Monday, July 6th, 2009

Part 1: Have a Healthy Heart

We are becoming more aware of how important it is to protect our heart health. With nearly 13 million Americans currently affected by coronary heart disease, it is the number one killer of men and women in the United States, today. Statistics show that someone in the U.S. has a heart attack about every twenty seconds. Being proactive about your heart health can save your life.

There are a number of American lifestyle choices that can lead to an inevitable heart attack or heart disease. Just because it is slow to develop and easy to ignore does not mean that it isn’t happening to you. Lack of regular exercise, being overweight, eating a high fat diet, and smoking, all put you at a high risk for heart disease. We, as a nation, rely heavily on the “fix me” attitude instead of focusing on prevention.

You can help protect your heart from damage using Vitamins and Supplements that target heart health. Coenzyme Q10 (CoQ10 or Ubiquinone) is a compound made naturally in the human body, but the amount produced sharply reduces as we age, leaving our hearts at risk from as early as 21 years old. CoQ10 protects cells from environmental contaminants and disease. The damage that occurs can lead to heart attack, heart disease and even cancer.

If you are undergoing cancer treatment, be sure to ask your doctor about taking any supplements, like CoQ10, because they can interact with some cancer therapies. Your doctor may tell you to take it because it protects the heart from damage caused by many cancer medications. As an additional note, CoQ10 can slightly lower blood sugar levels and is not recommended for diabetic patients, unless monitored by a physician.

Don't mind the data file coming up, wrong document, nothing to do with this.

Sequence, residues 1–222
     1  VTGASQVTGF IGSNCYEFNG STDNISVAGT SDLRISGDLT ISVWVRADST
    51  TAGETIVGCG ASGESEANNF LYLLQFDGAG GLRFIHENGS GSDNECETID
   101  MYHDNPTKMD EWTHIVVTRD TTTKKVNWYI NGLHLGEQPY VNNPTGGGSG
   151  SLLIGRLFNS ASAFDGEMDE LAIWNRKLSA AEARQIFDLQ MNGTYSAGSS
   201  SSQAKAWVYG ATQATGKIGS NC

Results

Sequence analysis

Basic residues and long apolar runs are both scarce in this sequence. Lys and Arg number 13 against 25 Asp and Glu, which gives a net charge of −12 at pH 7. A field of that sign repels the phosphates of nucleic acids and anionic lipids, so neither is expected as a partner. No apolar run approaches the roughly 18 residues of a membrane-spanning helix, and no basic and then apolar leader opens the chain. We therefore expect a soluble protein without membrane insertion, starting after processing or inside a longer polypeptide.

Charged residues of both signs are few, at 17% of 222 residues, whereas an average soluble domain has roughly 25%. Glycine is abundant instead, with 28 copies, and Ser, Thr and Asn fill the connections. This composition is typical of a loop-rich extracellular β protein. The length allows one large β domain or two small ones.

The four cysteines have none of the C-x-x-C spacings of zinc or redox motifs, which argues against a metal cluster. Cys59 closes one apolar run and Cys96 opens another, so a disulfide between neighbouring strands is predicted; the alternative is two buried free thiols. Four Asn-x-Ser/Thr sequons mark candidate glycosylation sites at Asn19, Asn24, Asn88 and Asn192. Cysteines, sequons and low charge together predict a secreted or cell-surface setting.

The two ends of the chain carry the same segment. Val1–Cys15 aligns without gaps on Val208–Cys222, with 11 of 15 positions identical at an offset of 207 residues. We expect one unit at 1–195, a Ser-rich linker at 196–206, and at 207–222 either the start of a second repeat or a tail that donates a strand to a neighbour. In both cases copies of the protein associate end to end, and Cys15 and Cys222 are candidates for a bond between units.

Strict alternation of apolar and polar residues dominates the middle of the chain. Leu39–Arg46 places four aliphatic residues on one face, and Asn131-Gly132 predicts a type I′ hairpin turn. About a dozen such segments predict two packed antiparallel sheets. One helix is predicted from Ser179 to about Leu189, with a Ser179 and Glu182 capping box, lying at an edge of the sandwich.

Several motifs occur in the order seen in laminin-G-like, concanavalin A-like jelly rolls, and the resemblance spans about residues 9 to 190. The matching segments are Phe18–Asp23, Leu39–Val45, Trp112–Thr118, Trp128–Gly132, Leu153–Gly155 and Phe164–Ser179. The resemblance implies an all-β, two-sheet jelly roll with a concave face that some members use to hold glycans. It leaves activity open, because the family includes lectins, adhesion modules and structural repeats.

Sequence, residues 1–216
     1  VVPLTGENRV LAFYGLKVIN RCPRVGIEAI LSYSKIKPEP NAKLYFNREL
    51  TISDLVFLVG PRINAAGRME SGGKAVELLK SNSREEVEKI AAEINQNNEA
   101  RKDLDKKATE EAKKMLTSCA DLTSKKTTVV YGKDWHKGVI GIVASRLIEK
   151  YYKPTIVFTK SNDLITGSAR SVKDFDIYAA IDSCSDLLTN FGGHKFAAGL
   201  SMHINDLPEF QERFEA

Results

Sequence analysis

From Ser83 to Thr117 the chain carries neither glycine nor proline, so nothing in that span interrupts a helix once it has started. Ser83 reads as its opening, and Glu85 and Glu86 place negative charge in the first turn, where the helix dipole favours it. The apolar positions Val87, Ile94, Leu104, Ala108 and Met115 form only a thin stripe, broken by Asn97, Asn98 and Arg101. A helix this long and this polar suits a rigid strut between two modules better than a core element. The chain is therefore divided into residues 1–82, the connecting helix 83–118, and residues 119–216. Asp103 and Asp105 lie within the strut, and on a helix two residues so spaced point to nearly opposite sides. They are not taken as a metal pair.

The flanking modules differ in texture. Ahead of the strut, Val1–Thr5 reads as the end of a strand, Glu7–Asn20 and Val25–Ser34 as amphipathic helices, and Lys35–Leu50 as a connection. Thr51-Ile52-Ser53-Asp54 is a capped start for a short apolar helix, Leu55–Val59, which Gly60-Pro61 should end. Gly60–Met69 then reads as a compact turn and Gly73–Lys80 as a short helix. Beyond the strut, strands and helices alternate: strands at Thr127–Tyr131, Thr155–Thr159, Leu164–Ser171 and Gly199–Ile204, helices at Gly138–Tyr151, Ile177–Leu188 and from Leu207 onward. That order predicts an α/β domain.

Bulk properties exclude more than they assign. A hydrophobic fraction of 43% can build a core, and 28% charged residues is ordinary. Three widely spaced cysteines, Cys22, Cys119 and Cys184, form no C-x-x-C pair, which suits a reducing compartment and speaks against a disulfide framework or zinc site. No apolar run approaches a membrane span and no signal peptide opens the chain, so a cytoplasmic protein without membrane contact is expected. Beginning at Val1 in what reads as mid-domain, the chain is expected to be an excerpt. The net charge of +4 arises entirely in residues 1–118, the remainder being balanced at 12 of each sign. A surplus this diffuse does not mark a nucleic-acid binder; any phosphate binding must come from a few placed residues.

CoQ10 helps heart cells resist infection by boosting the immune system and neutralizing free radicals. Free radicals can damage DNA and mitochondria (responsible for cellular energy), hindering the response time needed by cells to keep a heart healthy. It speeds up the rate in which chemical reactions take place in cells, thus keeping the heart’s defenses in top shape. The cells of the heart have the highest energy requirements of all human organs and thus, naturally contain more of this coenzyme than any other cells. As we age, our cells are depleted of this necessary nutrient.

CoQ10 and vitamin C powder (ascorbic acid) are two of the most important essential nutrients to human health. Both are actually needed to repair heart cells. Vitamin C and Ubiquinone provide the cellular reactions necessary to produce collagen and elastin, the structural proteins of the heart muscle. CoQ10 and ascorbic acid studies have shown that they can control detrimental changes in the body that occur with age. They were also found to reverse age related degradation of the heart and immune system.

If you think that supplementing your diet with vitamin C and CoQ10 could help protect your heart and body from heart disease, you could be right. However, you should always talk to your doctor about drug interactions and also about how each supplement could affect an existing health condition. Supplementation combined with a few lifestyle and diet adjustments could help you live a much longer, healthier life.

“Part 2” of the CoQ10 series will focus on the different forms of CoQ10.

About the Author: Phil Le Breton is owner at Wholesale Nutrition. He has a strong interest in helping people achieve greater brain and body health. For more information about C-Salts, otherwise known as the best Vitamin C, or about other Vitamin C powder products, visit where you can buy Vitamins and Supplements of the highest quality.